Dredging Begins at Kaunakakai Harbor

Map Courtesy of US Army Corps of Engineers

After delays due to the Maui wildfires in August, dredging at Kaunakakai Harbor is set to begin the week of April 15. The multi-million-dollar U.S. Army Corps of Engineers’ project will ensure that commerce can continue to reach Molokai through the harbor.

Last dredged 50 years ago, over 30,000 cubic yards of sediment have accumulated in the harbor basin, resulting in spots as shallow as nine feet. Constructed in 1934, the Kaunakakai Harbor was originally 23 feet deep. The Army Corps of Engineers described this project as “maintenance” dredging, aimed at restoring the original condition of the harbor, rather than “deepening” dredging.

Nani Shimabuku, project manager, explained funds were designated for the dredging as far back as 2016, with the project originally slated to begin last October.

“This one has dragged out a bit,” said Shimabuko. “I don’t know when we are going to be able to do this again.”

The U.S. Army Corps of Engineers’ crew and equipment have paused work on Maui’s Kahului Harbor mid-project to come to Molokai to finish the Kaunakakai Harbor before it becomes busier with paddling and recreation in the summer.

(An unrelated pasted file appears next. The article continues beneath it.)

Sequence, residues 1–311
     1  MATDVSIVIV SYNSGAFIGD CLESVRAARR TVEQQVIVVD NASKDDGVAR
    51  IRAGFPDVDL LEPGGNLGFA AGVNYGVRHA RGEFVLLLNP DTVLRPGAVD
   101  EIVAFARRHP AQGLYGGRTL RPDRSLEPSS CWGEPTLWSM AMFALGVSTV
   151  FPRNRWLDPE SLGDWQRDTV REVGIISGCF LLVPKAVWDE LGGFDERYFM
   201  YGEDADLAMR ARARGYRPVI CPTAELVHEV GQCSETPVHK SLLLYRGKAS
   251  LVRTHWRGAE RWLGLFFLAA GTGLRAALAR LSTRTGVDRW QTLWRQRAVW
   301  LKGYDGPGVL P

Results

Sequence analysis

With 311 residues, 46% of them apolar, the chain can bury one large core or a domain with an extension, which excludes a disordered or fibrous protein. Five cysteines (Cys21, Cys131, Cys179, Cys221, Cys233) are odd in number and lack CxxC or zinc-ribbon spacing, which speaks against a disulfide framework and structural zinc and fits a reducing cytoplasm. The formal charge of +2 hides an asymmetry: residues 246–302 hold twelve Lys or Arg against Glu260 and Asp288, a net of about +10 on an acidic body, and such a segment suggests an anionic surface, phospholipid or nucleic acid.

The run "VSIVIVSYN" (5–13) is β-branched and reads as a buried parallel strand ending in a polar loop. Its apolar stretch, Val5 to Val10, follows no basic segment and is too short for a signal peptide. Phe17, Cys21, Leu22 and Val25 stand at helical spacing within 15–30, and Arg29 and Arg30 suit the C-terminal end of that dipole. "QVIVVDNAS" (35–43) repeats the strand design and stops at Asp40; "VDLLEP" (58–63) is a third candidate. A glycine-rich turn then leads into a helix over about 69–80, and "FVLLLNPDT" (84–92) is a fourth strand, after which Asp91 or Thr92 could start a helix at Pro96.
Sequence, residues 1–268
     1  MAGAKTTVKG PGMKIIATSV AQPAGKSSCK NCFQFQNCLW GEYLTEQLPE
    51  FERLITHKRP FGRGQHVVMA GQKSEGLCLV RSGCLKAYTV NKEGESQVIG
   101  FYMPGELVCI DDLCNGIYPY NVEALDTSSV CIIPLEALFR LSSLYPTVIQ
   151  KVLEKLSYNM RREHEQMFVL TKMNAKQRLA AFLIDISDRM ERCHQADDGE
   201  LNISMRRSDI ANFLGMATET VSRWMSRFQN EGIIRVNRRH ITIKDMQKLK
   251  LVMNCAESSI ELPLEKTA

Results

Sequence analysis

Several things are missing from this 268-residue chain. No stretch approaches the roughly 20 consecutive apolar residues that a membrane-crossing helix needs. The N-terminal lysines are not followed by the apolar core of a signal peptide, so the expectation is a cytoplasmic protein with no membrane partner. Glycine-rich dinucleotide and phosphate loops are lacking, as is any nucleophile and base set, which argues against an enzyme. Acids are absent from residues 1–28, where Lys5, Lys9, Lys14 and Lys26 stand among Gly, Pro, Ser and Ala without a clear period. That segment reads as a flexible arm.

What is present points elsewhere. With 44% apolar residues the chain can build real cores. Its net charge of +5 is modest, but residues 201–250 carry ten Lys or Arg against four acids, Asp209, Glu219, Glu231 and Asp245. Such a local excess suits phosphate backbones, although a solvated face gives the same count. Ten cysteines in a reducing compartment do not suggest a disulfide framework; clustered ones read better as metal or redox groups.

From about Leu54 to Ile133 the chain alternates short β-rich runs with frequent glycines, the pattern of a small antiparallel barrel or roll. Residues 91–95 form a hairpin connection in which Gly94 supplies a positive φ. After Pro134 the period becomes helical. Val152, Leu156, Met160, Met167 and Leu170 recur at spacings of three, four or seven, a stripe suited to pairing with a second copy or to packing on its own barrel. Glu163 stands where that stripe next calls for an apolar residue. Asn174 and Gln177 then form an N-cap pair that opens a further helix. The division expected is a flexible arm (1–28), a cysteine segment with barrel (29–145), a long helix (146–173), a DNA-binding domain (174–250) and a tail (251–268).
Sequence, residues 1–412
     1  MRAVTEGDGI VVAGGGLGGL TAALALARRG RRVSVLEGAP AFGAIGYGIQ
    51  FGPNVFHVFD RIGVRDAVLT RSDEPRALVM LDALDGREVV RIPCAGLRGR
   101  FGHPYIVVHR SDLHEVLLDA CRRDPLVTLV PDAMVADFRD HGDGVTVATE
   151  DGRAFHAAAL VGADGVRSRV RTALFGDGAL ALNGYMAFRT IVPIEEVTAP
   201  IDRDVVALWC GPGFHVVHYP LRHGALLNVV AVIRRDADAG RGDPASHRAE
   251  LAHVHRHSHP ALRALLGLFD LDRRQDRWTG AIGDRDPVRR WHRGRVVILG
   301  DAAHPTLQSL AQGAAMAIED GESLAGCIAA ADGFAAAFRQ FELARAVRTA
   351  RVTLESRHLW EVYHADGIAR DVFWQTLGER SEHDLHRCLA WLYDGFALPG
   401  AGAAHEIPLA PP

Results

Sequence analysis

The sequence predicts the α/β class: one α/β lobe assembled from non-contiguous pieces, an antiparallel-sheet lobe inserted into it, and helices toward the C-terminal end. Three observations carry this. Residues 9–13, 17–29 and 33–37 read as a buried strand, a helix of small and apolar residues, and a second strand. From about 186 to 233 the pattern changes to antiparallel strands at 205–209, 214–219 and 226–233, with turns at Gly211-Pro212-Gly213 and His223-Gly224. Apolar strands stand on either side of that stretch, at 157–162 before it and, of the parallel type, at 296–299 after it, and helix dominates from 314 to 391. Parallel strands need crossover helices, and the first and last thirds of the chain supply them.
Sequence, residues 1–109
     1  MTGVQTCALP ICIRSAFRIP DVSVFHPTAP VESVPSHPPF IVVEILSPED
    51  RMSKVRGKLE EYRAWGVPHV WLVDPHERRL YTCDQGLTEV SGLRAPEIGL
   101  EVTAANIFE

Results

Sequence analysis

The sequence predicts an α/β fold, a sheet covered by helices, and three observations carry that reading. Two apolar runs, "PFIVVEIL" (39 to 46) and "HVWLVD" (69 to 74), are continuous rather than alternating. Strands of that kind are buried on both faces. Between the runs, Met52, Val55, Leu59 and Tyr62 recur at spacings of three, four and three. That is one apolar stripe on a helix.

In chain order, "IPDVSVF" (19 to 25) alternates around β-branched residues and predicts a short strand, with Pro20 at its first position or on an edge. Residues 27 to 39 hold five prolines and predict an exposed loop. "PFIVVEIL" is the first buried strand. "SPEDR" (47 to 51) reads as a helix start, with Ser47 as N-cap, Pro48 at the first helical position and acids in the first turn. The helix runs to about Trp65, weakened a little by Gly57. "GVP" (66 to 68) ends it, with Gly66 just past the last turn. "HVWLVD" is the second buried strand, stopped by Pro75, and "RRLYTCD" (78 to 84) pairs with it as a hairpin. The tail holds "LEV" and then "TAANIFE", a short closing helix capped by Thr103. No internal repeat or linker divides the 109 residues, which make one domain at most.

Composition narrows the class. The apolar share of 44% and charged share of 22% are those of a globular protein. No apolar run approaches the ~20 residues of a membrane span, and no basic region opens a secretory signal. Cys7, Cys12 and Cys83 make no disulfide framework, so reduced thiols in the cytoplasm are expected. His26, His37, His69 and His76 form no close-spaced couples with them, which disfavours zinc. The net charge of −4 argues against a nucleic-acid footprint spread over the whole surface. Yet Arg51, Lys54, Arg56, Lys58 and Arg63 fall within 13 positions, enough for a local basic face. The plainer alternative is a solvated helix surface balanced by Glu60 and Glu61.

The dredging itself should take about 15 days, explained Project Contractor Nick Martin, with a couple of days needed before and after to set up and dismantle the equipment.

“We plan on 21 days,” said Martin. “We plan on being here the least amount of time as possible.”

The dredging will be done by a clamshell bucket crane, which will be surrounded by a turbidity curtain to prevent kicked-up sediment from clouding harbor waters. According to reports from the project team, the built-up sediment is mostly made up of salty silt, with no hazardous levels of petroleum or heavy metals.

The Army Corps has been holding community meetings since 2022 regarding the project. Concerns from Molokai community members have consistently focused on environmental impacts and making sure the project isn’t intended to allow for bigger commercial ships, like cruises.

Project representatives were clear that this would be only restoring the harbor to its previous depths, as well as the only real opportunity for Molokai’s main harbor to be dredged.

“We got the money,” said Shimabuku. “We want to get it done before it gets to the point of being dangerous.”


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